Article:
Esengül Artisoy is a rose harvester living in the village of Senir, near Isparta, Turkey. The rose harvest, starting in May, is her favorite time of the year. The blooms are plucked before the sun dries the precious oil contained within the Rosa x damascena—one of the two types of roses that produce the oil. Turkish farmers are responsible for some 60 percent of the world’s annual rose harvest. (4:51)
Yucatán Peninsula, Mexico
Mathieu Brees is a chocolate maker, living on the Peninsula de Yucatán, Mexico. Originally from Belgium, Brees fell in love with chocolate at an early age and wanted to explore the Central American, Mayan roots of the beloved confection. (4:46)
Mohammed Abdullatif is a master tanner from the venerable city of Fès, Morocco. The traditional techniques employed by the craftsmen are a testament to the artisans’ skills and passions, passed down from their forebears. (5:53)
Jean-Jacques Houyou is an artisan fabricant, or craftsman, making espadrilles in the French Basque Country. Called espartinak in Basque, the shoes are a style of footwear closely linked to his Basque ancestry and are fashioned from natural cotton, jute and rubber. (7:10)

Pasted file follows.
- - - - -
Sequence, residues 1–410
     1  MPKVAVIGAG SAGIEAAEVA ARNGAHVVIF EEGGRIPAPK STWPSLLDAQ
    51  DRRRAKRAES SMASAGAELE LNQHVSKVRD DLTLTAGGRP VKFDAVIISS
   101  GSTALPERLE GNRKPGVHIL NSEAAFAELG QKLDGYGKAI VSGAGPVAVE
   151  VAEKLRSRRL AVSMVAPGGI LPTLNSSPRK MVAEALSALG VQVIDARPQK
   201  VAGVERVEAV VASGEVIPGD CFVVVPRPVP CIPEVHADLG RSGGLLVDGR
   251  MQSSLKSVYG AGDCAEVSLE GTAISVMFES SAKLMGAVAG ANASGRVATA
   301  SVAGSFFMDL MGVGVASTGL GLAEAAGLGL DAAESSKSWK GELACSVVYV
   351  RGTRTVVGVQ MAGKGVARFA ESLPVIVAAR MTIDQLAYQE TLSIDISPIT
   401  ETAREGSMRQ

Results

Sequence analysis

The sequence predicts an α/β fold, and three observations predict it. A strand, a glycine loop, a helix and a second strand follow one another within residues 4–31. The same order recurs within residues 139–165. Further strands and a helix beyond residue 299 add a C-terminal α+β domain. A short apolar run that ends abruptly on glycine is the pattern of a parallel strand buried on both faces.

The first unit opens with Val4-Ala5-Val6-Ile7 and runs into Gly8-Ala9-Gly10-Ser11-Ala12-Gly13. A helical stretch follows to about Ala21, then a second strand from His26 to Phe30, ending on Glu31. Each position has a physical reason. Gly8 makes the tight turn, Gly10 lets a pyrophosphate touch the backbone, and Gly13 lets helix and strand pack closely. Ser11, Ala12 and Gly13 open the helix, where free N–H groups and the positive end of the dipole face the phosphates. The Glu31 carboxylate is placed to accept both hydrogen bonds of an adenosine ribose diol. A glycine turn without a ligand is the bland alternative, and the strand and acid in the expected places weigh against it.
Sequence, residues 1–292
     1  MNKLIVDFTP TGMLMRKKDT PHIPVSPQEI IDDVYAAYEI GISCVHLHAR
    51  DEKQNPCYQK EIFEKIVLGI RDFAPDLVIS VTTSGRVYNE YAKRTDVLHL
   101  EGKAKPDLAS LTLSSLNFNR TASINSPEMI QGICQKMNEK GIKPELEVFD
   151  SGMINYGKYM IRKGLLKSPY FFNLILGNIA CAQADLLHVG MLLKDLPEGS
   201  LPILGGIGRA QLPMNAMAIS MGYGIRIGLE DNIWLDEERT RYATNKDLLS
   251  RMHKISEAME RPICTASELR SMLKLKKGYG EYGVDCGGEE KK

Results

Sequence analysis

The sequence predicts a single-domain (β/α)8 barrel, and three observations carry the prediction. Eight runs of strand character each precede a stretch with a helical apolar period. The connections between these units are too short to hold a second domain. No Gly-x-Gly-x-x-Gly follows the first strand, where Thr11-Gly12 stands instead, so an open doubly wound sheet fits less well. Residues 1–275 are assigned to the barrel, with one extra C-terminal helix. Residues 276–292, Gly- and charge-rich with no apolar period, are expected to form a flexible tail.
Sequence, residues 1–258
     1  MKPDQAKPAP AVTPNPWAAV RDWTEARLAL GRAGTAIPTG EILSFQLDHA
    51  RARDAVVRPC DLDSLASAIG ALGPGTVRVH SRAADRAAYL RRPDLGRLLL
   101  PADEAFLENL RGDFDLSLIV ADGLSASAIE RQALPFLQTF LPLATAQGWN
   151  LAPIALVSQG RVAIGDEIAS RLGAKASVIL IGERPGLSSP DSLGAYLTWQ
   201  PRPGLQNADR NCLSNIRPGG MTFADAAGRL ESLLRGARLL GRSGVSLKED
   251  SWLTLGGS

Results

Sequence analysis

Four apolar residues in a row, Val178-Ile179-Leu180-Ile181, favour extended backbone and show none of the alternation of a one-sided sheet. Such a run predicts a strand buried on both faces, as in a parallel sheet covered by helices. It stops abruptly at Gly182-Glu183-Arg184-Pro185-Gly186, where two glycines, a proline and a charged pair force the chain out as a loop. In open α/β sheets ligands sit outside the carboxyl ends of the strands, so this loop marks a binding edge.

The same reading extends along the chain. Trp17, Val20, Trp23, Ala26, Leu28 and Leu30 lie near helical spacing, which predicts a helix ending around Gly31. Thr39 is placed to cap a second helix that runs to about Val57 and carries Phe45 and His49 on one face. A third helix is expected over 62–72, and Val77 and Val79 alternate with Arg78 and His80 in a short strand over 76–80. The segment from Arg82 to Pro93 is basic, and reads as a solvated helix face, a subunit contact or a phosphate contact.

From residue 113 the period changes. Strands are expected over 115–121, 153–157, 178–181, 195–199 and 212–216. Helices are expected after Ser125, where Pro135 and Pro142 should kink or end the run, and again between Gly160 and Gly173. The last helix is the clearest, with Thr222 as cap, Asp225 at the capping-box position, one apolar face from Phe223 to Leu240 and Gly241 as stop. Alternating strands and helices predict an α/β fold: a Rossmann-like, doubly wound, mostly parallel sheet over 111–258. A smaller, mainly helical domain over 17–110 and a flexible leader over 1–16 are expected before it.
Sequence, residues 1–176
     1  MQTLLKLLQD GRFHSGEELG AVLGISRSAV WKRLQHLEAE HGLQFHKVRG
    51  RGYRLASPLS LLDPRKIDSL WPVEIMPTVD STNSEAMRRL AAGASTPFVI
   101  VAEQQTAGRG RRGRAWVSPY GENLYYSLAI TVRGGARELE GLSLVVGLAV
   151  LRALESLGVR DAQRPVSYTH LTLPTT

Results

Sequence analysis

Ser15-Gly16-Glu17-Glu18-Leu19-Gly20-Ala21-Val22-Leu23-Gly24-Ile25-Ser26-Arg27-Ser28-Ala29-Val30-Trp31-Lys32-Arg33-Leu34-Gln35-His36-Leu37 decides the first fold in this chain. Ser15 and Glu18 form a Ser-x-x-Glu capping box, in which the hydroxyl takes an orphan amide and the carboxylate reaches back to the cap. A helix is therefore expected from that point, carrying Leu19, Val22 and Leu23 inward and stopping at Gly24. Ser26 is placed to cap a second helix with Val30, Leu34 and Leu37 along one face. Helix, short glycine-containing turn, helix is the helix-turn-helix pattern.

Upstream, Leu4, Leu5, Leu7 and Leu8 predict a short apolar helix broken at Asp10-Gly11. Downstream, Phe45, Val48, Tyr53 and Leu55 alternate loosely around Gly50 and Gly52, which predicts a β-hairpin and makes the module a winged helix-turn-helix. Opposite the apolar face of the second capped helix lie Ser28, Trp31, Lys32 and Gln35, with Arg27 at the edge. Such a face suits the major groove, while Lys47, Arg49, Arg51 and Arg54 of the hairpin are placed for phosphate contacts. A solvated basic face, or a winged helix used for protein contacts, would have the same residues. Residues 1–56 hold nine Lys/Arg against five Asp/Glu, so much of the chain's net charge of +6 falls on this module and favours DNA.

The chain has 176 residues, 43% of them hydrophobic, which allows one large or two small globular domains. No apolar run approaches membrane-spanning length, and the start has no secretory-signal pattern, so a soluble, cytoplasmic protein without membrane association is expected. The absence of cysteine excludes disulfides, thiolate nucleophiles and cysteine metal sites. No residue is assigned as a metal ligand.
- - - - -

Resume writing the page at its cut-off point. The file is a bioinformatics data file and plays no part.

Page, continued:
Pinar del Rio, Cuba
Hirochi Robaina is a fifth-generation tobacco farmer in Vuelta Abajo, Cuba’s illustrious, tobacco-growing region, situated in San Luis, Pinar del Río. Following the traditions of his ancestors, and most notably of his grandfather Don Alejandro Robaina, Hirochi is at the helm of La Finca El Pinar Robaina, perhaps the most famous tobacco farm in the region, if not the world. (6:02)
Île De Ré, France
Brice Collonier is a salt worker, or saunier, who collects salt on the French island of Île de Ré in a tradition that dates back to the 12th century when it was introduced by Cistercian monks. (7:15)
The Objects are a collection of exclusive collaborations made by the creators and cultivators featured on Stories+Objects. Each item has been handmade, handcrafted or hand-harvested to the highest standards in each destination and offered by S+O as a souvenir to complement the storytelling experience.
These featured double weave ikats were crafted by the women of Sumba. The first selected design depicts the fabled Sandalwood Arabian horses, found only on the island after first being introduced by Arab traders who brought them in harvesting the trees which were once found throughout the island. The second ikat’s pattern features skull trees, a depiction that harkens back to the island’s nearly abandoned culture of head-hunting. The chosen designs are rarely found on the island and were hand selected by S+O’s founder on her trip to the island. Ten percent of the ikat sales proceeds to benefit the Sumba Foundation. Additional designs can be sourced by inquiry at firstname.lastname@example.org
JOHN HARDY CLASSIC CHAIN COLLECTION